Objective To examine the overall treatment effect and the proportion attributable to contextual effect (PCE) in randomised controlled trials (RCTs) of diverse treatments for osteoarthritis (OA).
Methods We searched Medline, Embase, Central, Science Citation Index, AMED and CINAHL through October 2014, supplemented with manual search of reference lists, published meta-analyses and systematic reviews. Included were RCTs in OA comparing placebo with representative complementary, pharmacological, non-pharmacological and surgical treatments. The primary outcome was pain. Secondary outcomes were function and stiffness. The effect size (ES) of overall treatment effect and the PCE were pooled using random-effects model. Subgroup analyses and meta-regression were conducted to examine determinants of the PCE.
Results In total, 215 trials (41 392 participants) were included. The overall treatment effect for pain ranged from the smallest with lavage (ES=0.46, 95% CI 0.24 to 0.68) to the largest with topical non-steroidal anti-inflammatory drugs (ES=1.37, 95% CI 1.19 to 1.55). On average, 75% (PCE=0.75, 95% CI 0.72 to 0.79) of pain reduction was attributable to contextual effect. It varied by treatment from 47% (PCE=0.47, 95% CI 0.32 to 0.70) for intra-articular corticosteroid to 91% (PCE=0.91, 95% CI 0.60 to 1.37) for joint lavage. Similar results were observed for function and stiffness. Treatment delivered by needle/injection and other means than oral medication, longer duration of treatment, large sample size (≥100 per arm) and public funding source were associated with increased PCE for pain reduction.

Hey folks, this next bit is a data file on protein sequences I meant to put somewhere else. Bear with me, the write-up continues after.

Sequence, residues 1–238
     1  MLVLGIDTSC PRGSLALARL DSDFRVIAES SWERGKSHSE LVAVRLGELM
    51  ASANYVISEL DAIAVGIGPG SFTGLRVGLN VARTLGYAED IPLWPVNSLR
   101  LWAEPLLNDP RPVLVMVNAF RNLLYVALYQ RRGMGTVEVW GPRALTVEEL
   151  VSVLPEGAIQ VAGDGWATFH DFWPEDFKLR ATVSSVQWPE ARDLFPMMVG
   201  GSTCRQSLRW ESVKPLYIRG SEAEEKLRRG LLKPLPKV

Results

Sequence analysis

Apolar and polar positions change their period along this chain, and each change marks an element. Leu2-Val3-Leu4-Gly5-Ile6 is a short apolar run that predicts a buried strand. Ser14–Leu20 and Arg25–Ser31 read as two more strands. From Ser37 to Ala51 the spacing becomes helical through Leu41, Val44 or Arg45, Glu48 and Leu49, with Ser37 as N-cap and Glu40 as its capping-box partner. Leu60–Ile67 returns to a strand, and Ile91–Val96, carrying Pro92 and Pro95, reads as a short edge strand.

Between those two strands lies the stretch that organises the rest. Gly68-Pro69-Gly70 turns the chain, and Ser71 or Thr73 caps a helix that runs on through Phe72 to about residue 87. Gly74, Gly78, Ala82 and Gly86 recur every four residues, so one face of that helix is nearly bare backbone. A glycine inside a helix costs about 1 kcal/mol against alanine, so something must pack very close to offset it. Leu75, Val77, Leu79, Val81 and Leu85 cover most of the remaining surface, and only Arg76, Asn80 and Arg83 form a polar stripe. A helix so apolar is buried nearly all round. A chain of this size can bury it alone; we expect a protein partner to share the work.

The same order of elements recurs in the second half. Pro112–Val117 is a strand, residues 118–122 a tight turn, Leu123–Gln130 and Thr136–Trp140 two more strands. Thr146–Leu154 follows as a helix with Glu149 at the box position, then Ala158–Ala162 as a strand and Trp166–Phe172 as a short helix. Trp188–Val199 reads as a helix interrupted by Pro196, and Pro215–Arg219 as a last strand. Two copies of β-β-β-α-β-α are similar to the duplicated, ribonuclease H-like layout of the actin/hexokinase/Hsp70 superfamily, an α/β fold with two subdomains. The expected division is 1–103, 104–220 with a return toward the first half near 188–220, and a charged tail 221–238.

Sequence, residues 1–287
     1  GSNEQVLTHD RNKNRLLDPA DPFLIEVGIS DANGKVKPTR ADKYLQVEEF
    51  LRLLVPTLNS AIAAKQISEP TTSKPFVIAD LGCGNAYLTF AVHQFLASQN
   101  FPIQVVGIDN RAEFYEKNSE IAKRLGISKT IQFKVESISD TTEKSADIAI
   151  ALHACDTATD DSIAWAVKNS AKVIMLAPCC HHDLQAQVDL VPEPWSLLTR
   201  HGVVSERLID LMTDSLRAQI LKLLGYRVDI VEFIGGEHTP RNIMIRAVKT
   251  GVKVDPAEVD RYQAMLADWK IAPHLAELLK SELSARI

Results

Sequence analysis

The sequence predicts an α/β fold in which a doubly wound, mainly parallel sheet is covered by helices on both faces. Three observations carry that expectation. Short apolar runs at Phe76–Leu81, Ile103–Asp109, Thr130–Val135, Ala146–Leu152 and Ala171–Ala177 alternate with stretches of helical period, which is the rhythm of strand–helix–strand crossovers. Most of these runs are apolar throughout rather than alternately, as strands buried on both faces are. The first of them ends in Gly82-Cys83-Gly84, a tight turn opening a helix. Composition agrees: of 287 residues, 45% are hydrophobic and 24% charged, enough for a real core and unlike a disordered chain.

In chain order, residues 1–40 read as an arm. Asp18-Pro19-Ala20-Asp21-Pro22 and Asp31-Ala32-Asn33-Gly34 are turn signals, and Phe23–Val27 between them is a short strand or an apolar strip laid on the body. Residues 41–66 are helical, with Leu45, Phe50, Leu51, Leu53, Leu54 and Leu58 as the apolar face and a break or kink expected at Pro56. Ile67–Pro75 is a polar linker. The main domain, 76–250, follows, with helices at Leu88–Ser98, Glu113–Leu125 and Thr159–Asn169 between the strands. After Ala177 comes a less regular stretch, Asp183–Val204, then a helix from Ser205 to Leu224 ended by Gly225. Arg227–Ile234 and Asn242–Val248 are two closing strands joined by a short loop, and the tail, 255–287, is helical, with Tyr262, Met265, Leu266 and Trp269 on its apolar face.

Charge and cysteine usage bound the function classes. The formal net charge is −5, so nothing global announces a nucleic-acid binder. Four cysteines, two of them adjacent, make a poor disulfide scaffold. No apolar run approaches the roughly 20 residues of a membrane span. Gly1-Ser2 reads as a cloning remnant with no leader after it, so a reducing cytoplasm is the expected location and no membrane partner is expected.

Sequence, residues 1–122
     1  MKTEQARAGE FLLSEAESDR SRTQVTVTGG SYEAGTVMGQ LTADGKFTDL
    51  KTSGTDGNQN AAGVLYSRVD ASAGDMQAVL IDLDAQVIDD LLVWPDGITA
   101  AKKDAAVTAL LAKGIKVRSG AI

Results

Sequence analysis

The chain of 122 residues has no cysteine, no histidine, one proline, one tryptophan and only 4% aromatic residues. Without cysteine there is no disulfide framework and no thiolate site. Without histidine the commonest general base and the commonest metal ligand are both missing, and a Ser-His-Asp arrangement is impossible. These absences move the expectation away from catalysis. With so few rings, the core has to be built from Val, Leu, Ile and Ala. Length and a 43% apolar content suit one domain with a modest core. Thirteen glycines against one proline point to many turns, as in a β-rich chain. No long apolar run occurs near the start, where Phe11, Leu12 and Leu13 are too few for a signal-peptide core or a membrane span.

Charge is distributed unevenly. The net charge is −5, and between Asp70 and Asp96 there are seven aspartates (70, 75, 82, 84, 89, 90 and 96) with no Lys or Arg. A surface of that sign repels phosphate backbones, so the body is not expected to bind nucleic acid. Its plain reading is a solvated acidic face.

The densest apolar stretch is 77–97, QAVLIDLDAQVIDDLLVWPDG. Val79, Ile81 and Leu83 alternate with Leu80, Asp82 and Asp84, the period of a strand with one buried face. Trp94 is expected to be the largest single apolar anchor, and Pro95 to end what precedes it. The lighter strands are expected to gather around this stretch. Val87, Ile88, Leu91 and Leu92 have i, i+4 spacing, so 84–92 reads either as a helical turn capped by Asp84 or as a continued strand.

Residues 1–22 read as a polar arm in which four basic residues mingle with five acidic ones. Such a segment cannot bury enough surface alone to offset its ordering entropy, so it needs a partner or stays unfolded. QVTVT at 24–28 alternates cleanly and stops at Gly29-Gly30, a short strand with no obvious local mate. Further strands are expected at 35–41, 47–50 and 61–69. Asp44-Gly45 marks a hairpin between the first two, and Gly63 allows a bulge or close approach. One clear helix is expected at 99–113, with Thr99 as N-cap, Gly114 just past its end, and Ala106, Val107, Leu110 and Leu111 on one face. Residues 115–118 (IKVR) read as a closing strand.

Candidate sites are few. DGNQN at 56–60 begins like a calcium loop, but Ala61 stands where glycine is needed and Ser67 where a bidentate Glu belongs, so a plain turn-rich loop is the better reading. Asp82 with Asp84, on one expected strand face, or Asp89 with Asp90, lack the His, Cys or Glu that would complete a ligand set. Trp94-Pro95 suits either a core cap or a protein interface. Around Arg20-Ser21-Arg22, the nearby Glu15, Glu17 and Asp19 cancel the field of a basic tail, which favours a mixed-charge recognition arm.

Conclusions The majority (75%) of the overall treatment effect in OA RCTs is attributable to contextual effects rather than the specific effect of treatments. Reporting overall treatment effect and PCE, in addition to traditional ES, permits a more balanced, clinically meaningful interpretation of RCT results. This would help dispel the frequent discordance between conclusions from RCT evidence and clinical experience—the ‘efficacy paradox’.
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Handling editor Tore K Kvien
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Contributors MD and WZ are joint senior authors. WZ and MD conceptualised the study. KZ, WZ and MD contributed to the design of the study. KZ conducted the analysis. All authors contributed to data collection, interpretation of research findings and manuscript writing.
Funding KZ was supported by the International Scholarship for Research Excellence from the University of Nottingham. XC was funded by the Nottingham Arthritis Research UK Pain Centre, which was funded by the Arthritis Research UK (grant number RGB4887).
Competing interests WZ had grants from Nottingham-China Scholarship, during the conduct of the study; MD reports personal fees from Ad hoc advisory boards for osteoarthritis and gout for AstraZeneca, Menarini, Nordic Biosciences, Pfizer, outside the submitted work; no other relationships or activities that could appear to have influenced the submitted work.
Provenance and peer review Not commissioned; externally peer reviewed.
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